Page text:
Sometimes an excellent operating system can be made even better
Sony PlayStation Portable (PSP) 3000
Is this upgrade to the PSP worth it?
- External mic, feels less plasticky, colour space options
- Mic isn't fantastic
If you're a heavy PSP user with wads of cash to blow, need the external mic or want to play games on a standard TV, the PSP 3000 is the sleeker, visually crisper twin to last year's model. If you're an original PSP owner and skipped the PSP 2000, you'll see an even more dramatic difference upgrading. But if you're already rolling with a PSP 2000, your money's better saved than spent on this nominal uptick.
Sony's new re-brushed and buffed-up PlayStation Portable 3000 handheld video game system should finally be dangling from plastic retail hooks or resting in neat little rectangle stacks on shelves as you read this, but should existing PSP owners think about upgrading?
The PSP 3000 is basically a point update to the PSP "Slim and Lite", Sony's lighter, faster, slimmer refresh that arrived in September 2007. Recall that the original PSP debuted in March 2005, so we certainly weren't due for an update this soon, but an update we're getting, and one that includes a brighter, faster LCD display, expanded video-out, and a built-in microphone.
Let's start with the PSP 3000's casing, which top to bottom and side to side looks virtually identical to the PSP 2000. Weighs and feels the same too. Have a closer look, however, and you'll notice some subtle tweaks. For starters, the 'Sony' moniker has been moved from the right side of the screen to its left, where the PlayStation logo used to be. Where'd the logo go? Look down at what used to be the 'Home' button, which if you think about it kind of makes sense, bringing the PSP into alignment with the PlayStation 3, which has a similar "master control" button smack in the middle of its wireless gamepad.
The next thing you'll notice is that the 'PS', 'Select' and 'Start' buttons along the bottom of the PSP 3000 are now fully oval-shaped and no longer oblong half-circles. Run your fingers along their tops and they also feel flush to the case moulding, not slightly protruding, as they do on my PSP 2000.
Finally, just to the left of the letters 'PSP' sitting between the volume and brightness controls, there's now a tiny hole: the new external microphone that's supposed to make spontaneous wireless voice communications more robust, since you no longer need a special headset to rattle off taunts or make Skype calls.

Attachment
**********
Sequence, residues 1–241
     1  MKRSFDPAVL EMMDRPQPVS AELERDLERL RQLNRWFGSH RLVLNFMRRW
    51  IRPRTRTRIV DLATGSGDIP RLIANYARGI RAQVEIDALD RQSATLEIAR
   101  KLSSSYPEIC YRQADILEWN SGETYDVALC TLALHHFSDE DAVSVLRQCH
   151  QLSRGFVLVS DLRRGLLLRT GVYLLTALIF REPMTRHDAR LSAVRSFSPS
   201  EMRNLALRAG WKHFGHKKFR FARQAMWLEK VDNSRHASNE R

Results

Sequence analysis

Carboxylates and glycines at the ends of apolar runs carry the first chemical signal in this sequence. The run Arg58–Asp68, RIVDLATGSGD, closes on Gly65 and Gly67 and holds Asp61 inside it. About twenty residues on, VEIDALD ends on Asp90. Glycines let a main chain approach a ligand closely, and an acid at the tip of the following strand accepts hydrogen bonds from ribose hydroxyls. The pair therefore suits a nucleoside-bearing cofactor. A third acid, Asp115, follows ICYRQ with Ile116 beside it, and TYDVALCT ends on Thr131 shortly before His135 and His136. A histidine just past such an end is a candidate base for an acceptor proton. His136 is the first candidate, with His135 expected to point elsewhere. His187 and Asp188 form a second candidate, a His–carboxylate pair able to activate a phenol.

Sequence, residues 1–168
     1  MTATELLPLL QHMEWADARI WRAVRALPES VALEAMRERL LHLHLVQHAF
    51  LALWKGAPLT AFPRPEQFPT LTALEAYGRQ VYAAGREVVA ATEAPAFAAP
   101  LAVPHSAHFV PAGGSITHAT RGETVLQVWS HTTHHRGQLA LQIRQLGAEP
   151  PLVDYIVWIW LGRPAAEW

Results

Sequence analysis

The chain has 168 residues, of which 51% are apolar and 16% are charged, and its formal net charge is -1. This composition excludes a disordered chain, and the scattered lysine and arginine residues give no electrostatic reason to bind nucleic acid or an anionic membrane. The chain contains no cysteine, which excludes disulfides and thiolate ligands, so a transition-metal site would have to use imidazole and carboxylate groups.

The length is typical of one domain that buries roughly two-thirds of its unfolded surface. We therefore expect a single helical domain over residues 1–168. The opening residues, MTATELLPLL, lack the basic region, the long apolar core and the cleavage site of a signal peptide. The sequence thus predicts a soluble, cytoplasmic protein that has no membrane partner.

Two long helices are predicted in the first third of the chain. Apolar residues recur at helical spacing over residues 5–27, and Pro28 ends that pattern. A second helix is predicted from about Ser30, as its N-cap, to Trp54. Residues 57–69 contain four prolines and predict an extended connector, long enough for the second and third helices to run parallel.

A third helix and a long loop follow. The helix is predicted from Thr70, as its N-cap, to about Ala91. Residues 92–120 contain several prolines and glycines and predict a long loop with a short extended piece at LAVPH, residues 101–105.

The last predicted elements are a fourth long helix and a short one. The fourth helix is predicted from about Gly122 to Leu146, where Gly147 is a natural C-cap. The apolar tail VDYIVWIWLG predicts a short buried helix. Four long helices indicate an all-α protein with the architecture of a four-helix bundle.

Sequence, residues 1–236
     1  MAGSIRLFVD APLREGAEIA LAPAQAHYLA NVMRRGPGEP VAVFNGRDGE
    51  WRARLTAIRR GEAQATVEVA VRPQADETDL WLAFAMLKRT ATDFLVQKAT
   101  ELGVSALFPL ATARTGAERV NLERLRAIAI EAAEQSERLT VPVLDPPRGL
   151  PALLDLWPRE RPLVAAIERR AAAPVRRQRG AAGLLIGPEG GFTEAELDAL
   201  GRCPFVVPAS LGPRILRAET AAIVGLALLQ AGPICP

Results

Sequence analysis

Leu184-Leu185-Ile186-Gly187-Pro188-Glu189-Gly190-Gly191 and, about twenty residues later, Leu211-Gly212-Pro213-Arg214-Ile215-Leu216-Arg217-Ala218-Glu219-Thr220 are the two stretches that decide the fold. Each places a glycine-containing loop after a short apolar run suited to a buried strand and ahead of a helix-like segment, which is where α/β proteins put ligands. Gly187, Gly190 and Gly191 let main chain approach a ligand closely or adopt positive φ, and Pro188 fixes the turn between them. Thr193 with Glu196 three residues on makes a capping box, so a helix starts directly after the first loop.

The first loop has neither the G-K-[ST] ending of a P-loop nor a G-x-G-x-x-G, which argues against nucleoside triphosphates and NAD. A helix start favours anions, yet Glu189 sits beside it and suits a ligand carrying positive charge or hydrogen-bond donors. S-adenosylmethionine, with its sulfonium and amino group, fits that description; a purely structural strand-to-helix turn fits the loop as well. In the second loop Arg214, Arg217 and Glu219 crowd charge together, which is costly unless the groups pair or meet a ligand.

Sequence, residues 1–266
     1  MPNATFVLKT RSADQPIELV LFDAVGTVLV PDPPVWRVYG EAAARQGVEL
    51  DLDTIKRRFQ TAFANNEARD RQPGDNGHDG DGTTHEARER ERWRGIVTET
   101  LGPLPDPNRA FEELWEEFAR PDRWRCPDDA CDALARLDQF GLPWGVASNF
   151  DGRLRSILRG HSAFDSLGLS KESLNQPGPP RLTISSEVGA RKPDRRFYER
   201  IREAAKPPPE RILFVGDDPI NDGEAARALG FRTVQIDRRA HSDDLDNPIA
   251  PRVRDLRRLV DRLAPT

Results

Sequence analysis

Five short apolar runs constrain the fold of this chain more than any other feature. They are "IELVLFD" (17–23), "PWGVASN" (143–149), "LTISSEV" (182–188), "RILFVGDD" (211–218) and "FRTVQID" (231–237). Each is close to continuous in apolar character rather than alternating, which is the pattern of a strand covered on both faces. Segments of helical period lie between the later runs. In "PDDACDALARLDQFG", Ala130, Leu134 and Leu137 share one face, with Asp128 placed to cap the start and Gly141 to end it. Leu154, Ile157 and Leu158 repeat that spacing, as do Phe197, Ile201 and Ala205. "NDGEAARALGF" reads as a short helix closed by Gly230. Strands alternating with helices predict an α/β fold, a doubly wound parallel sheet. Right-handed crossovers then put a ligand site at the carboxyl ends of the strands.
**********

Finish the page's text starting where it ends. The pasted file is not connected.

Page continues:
Flip the PSP 3000 around and it looks identical to the 2000, save for the circular band of metal on the UMD tray, which looks to be about one-half to one-third the width of the one on the 2000. Aside from creating a sleeker overall look, we're betting that it's meant to reduce the amount of visible scratching, something my PSP 2000 shows traces of.
The overall ABS plastic of the casing feels and looks more metallic and less plasticky now, with a noticeably reduced amount of reflective "glitter" in the molding's weave. The PSP 3000's screen remains as prone to fingerprints as ever, but then, so do iPhones, iPods, regular mobile phones, digital camera LCDs, and when you think about it, pretty much any piece of backlit plastic you're bound to end up touching at some point or another.
Trip the "on" switch and you're greeted by the same familiar logo and XMB interface, though you'll notice it now looks quite a bit more colourful, with enhanced edge-distinctiveness in terms of darks and lights, no doubt an expression of the improved LCD which Sony said would offer a better color range and higher contrast ratio. There's also supposed to be less glare, but to be honest, we never noticed the glare on our original PSP all the way back in 2005. We can't see much difference one way or another with the 3000, which is to say, it looks just fine in any kind of ambient light and outside of direct sunlight.
Click over to 'system' settings and you'll notice a new 'colour space' option that lets you switch between 'wide' and 'normal' (don't bother checking the PSP 1000/2000 — it's not available). Think 'vivid' versus 'standard' on a TV and you've got the idea. 'Wide' is enabled by default, and makes everything look brighter and colour-saturated. It tends to make the text in the operating system look a little too vivid at times, but load a game like Final Fantasy VII: Crisis Core and the new colours simply pop, making it even easier to identify 3-D in-game objects at a distance or in shadow, and the edges of menu bars and fonts in crowded interfaces look even cleaner and crisper.
The picture looks quite a bit warmer, too, bringing the overall look nearer the sort of hard-to-duplicate hue richness you often enjoy with a really top notch high-definition tube television.
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